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West Mercia Police

West Mercia Police
West Mercia Police Bell
West Mercia Police Badge
Agency overview
Formed 1 October 1967
Preceding agencies
  • Worcestershire Constabulary
  • Herefordshire Constabulary
  • Shropshire Constabulary
  • Worcester City Police
Employees 4,195[1]
Volunteers 288[2]
Annual budget £203.6 million[1]
Legal personality Governmental: Government agency
Jurisdictional structure
Operations jurisdiction* Police area of Herefordshire, Shropshire, Telford and Wrekin and Worcestershire in the country of England, UK
Map of police area
Size 7,428 km²/2,868 sqmi[1]
Population 1.19 million[1]
Legal jurisdiction England & Wales
Constituting instrument Police Act 1996
General nature
Operational structure
Headquarters Hindlip Hall, Worcestershire
West Mercia Police HQ
PCs 2,367 (of which 224 are special constables)[1]
PCSOs 283
PCC responsible Bill Longmore
Agency executives
Child agency Central Motorway Police Group, Central Counties Air Operations Unit
Territorial Policing Units
Facilities
Police Stations 48
Cars 609
Vans 140
Motorbikes 37
Helicopters Single aircraft EC135 of the Central Counties Air Operations Unit
Website
www.westmercia.police.uk
Footnotes
* Police area agency: Prescribed geographic area in the country, over which the agency has usual operational jurisdiction.
Helm of the West Mercia Police

West Mercia Police, formerly known as West Mercia Constabulary, is the territorial police force responsible for policing the counties of Herefordshire, Shropshire (including Telford and Wrekin) and Worcestershire in England. The force area covers 2,868 square miles (7,430 km2) making it the fourth largest police area in England and Wales. The resident population of the area is 1.19 million.[1]

The force is divided into five divisions and represent a very wide spread of policing environments from densely populated urban conurbations on the edge of Birmingham and the city of Worcester to sparsely populated rural areas found in the rest of the force area.

As of June 2014, the force employs 2367 police officers, 283 Police Community Support Officers, 1779 police staff and 224 members of the Special Constabulary.[1] West Mercia is Home Office force 22 and call sign YK.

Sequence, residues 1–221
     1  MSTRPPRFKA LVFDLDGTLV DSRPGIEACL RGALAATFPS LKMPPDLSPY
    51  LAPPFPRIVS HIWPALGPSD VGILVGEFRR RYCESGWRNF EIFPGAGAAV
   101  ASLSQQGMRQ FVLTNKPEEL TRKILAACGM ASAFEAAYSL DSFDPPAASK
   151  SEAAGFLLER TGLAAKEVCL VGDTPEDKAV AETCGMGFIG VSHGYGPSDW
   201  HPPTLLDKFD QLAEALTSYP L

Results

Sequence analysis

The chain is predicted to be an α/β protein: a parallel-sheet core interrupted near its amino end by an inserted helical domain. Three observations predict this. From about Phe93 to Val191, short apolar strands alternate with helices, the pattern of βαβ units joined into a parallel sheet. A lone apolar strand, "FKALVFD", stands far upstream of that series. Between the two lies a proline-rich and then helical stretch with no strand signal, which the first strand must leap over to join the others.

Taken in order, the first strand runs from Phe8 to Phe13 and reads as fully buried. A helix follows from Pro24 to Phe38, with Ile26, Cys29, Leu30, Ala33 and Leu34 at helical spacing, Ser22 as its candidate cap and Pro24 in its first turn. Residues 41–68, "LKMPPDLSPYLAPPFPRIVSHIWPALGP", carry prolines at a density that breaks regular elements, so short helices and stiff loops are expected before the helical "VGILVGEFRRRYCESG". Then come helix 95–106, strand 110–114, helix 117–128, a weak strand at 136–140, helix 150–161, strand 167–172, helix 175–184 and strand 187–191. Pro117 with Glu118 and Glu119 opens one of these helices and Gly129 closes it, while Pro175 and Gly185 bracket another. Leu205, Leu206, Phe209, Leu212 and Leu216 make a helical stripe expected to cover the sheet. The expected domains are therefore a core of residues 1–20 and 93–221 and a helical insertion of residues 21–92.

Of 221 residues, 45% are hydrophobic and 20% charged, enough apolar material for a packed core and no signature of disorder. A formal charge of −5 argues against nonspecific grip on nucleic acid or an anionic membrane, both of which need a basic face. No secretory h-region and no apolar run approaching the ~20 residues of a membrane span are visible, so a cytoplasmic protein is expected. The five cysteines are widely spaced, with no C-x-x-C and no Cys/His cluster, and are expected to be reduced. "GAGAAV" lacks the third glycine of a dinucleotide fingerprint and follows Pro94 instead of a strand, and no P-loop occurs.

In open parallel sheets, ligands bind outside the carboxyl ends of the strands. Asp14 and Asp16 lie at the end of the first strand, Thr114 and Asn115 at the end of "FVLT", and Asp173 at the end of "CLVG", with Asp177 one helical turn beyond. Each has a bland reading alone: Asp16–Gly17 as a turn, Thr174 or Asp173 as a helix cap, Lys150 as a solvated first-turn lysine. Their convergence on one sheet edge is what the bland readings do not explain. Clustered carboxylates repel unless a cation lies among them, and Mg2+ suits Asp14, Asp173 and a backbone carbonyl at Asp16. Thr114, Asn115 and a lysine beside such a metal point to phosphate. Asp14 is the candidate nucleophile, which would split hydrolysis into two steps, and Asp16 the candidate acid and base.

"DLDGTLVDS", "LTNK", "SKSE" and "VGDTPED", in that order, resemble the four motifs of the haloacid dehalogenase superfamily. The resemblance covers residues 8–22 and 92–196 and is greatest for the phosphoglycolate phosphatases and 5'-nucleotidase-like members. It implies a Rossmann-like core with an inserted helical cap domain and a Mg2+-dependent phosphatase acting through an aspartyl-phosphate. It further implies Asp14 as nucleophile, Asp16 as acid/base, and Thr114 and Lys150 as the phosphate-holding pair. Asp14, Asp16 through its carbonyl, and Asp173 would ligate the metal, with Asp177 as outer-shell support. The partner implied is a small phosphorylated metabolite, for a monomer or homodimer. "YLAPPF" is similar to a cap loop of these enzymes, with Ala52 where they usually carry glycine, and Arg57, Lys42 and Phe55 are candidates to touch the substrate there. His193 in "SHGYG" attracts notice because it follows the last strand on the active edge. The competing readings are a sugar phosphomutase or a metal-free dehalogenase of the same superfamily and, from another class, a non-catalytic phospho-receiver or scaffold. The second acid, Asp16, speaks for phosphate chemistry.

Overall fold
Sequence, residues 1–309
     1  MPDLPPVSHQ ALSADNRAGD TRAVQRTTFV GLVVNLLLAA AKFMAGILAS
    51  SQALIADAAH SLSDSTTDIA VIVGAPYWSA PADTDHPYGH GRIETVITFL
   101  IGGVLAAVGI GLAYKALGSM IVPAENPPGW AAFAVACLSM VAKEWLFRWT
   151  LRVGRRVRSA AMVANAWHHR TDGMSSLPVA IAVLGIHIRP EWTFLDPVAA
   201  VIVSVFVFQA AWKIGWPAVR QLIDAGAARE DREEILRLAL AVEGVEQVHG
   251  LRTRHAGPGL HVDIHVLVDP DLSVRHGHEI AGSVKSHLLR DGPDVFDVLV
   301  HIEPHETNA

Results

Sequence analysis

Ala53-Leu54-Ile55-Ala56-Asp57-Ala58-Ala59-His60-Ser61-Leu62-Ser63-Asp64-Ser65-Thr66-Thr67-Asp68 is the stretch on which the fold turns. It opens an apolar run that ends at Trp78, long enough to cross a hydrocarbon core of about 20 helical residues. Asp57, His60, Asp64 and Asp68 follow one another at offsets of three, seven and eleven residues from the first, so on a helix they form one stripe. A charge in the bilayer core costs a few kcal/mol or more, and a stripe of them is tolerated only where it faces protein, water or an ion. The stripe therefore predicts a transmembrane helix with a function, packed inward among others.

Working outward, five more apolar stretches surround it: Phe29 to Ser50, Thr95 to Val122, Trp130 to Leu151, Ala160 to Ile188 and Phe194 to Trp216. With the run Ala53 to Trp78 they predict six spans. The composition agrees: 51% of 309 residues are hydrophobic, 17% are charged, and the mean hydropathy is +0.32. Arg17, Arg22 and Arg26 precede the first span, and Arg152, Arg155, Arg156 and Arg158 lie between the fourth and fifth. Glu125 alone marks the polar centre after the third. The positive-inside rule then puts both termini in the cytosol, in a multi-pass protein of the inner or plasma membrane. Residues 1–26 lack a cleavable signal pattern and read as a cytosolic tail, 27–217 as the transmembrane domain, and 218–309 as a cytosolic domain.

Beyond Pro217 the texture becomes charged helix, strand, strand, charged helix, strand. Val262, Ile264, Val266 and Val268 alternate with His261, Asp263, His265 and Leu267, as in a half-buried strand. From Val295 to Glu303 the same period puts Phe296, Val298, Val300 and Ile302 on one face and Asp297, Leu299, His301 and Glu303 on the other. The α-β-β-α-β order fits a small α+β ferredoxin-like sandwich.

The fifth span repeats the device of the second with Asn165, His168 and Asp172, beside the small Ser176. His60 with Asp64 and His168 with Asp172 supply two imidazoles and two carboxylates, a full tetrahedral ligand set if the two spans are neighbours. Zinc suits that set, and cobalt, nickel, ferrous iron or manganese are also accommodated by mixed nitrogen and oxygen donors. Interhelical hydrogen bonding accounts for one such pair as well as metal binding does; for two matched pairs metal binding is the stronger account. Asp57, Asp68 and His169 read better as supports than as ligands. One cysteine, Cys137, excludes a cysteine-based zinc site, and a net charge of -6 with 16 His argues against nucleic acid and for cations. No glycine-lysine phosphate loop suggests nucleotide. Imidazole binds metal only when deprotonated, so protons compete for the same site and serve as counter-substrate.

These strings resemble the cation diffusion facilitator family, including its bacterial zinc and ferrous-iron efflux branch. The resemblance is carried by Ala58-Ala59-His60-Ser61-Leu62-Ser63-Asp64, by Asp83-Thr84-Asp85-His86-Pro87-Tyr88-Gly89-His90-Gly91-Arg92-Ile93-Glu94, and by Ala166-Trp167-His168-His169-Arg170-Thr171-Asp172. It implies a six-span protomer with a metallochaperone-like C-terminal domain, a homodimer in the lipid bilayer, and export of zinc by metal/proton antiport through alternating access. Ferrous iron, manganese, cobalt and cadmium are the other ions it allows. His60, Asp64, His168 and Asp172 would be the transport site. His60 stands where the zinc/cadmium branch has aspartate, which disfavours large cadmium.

The force has its headquarters in the historical manor house and grounds of Hindlip Hall on the outskirts of the city of Worcester. Its badge combines the heraldry of Worcestershire, Herefordshire and Shropshire.

The force was formed on 1 October 1967, by the merger of the Worcestershire Constabulary, Herefordshire Constabulary, Shropshire Constabulary and Worcester City Police.[3] It lost territory to West Midlands Police when that was constituted on 1 April 1974. It changed its name from "West Mercia Constabulary" to "West Mercia Police" on 5 May 2009.[4]

West Mercia is a partner, alongside two other forces, in the Central Motorway Police Group. In 2013 an alliance was formed with Warwickshire Police.

Paul West, QPM, who retired as Chief Constable on 31 July 2011 is the longest serving Chief Constable in the force's history. He was succeeded by his Deputy Chief Constable, David Shaw, who took up the senior post on 1 August 2011.[5]

Contents

  • Force area divisions 1
    • C - South Worcestershire 1.1
    • D - North Worcestershire 1.2
    • E - Herefordshire 1.3
    • F - Shropshire (excluding Telford & Wrekin) 1.4
    • G - Telford & Wrekin 1.5
  • Volunteer Police Cadets scheme 2
  • Merger plans 3
  • Warwickshire alliance 4
  • Bibliography 5
  • See also 6
  • References 7
  • External links 8

Force area divisions

The force is organised into five territorial policing units (TPUs)[1] which are alphabetically coded geographically from south to north (C D E F & G). Operating across three counties, West Mercia Police maintains many stations, with each TPU having an HQ Police station. The TPUs are further divided into Safer Neighbourhood Teams (SNTs); there are 82 SNTs across the force.

Listed below are the TPUs and police stations maintained by the force:

C - South Worcestershire

Covering Worcester, Malvern, Droitwich, Pershore and Evesham